The Latino Center for Medical Education and Research (LaCMER), located in Fresno, California, was established in 1996 by the University of California, San Francisco School of Medicine to address acute professional healthcare provider shortages in central California, and the lack of access to healthcare among medically underserved Central San Joaquin Valley residents. Our program is defined as an educational pipeline employing an active partnership with educational institutions in Fresno County beginning in middle school and continuing onto a four-year university.
Our effort is organized and supported by key educational partners representing each of our program segments including a four-year university, three K-12 school districts, public health and clinical agencies.
The focus of our mission is to prepare students for admission into college as health career majors by providing multiple activities supplemented by a curriculum designed to prepare low-income, first-generation disadvantaged students for careers in the health professions.
The results of our interventions are demonstrated by student scholastic performance throughout the three segments of our educational pipeline (middle school, high school, and four-year college enrollments). Our interventions are designed to improve academic skills, graduation from high school, admission into and graduation from college, and gain admission into health professional schools.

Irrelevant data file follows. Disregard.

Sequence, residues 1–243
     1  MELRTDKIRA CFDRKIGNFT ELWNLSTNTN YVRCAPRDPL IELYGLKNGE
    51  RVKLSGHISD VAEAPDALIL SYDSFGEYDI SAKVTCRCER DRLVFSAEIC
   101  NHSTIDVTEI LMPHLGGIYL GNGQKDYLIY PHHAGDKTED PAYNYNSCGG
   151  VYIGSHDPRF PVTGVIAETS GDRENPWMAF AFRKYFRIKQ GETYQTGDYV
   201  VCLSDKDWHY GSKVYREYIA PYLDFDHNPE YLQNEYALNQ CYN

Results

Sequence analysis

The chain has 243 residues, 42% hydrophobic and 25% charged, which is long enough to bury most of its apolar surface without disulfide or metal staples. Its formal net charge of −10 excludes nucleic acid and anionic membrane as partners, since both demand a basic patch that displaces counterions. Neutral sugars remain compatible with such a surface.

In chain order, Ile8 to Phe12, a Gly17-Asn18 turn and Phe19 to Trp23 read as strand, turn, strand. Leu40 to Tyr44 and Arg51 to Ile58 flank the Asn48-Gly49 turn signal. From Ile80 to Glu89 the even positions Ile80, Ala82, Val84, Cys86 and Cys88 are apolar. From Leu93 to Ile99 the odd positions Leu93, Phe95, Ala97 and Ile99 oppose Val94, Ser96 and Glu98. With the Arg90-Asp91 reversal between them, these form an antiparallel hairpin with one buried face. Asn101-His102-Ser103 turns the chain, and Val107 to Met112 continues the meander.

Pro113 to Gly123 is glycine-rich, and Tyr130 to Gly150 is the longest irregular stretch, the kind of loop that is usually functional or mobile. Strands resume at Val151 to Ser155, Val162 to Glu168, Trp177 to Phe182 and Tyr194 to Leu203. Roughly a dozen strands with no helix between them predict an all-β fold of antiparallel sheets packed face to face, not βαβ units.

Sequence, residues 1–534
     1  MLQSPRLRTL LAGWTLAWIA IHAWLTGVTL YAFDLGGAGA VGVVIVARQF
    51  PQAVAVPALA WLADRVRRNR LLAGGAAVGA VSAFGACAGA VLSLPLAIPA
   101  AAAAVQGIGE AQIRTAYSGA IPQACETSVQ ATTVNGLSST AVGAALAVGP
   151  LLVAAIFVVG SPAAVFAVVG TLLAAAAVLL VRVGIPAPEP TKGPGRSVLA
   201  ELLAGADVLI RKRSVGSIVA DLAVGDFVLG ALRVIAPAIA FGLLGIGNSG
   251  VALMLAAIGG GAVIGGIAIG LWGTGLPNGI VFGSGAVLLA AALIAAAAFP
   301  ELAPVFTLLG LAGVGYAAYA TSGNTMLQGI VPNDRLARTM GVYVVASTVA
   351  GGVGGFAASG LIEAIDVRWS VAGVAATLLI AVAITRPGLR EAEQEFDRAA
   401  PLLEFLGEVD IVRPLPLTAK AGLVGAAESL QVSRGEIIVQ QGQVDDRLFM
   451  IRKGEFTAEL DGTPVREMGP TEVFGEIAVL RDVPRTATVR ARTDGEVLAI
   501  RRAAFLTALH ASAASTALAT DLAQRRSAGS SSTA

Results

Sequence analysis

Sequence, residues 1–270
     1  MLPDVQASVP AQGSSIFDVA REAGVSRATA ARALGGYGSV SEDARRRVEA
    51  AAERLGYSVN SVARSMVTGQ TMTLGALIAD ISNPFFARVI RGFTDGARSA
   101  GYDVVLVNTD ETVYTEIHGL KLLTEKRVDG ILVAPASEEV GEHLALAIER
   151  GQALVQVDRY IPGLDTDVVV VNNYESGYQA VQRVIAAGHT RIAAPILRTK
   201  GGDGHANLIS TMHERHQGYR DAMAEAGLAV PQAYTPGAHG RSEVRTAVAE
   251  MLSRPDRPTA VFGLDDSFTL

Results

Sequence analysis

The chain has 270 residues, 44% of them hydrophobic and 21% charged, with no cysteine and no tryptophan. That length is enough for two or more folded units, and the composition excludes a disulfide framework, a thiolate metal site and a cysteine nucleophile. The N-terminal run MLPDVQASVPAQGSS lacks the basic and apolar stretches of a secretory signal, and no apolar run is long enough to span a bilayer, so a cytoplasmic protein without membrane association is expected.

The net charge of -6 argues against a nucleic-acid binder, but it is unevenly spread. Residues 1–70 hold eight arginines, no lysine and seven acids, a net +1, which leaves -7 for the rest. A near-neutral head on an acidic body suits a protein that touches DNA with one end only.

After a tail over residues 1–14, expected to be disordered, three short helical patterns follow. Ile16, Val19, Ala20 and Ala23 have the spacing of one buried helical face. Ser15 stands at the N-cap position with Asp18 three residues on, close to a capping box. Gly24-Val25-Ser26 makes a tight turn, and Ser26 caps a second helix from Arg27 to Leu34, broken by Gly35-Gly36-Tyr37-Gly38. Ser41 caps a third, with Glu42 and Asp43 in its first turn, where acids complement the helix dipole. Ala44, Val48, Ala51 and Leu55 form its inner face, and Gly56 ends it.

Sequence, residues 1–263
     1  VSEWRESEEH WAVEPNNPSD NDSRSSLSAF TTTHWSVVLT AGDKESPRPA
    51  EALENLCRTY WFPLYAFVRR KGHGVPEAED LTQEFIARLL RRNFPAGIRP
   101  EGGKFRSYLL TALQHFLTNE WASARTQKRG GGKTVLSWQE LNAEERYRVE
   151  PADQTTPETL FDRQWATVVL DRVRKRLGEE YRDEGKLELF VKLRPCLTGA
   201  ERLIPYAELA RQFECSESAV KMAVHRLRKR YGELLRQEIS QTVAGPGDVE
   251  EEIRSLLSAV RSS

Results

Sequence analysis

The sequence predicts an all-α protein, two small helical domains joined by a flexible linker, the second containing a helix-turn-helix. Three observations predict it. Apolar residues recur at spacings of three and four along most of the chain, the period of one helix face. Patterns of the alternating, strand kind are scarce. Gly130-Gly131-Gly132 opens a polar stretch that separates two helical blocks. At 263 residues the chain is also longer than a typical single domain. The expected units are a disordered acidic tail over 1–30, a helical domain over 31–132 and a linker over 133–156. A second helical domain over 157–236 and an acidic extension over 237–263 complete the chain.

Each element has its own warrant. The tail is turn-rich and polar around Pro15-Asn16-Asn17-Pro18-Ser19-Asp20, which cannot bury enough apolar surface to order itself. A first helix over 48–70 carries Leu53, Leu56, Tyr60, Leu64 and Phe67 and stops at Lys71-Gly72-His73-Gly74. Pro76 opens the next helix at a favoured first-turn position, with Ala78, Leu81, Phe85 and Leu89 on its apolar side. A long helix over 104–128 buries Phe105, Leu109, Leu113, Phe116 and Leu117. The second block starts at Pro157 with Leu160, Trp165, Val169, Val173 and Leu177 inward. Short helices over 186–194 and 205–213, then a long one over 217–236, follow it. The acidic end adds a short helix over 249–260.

Currently, 692 students are enrolled throughout all three segments of our pipeline. Since our first graduating Doctors Academy class in 2003, 99% of our graduating Doctors Academy high school students applied to college, 97% gained acceptance and enrolled in college, with 89% entering a four-year college or university. Of those students who did not enter a four-year college, 9% enrolled in a community college. Out of the 770 (659 high school DA, 111 college HCOP) who have graduated from our high school and college program, 133 (17%) (78 DA, 55 HCOP) have been accepted into health professional or graduate schools.
This program was recognized as an Honorable Mention for making innovative and/or significant improvement in increasing Latino student success.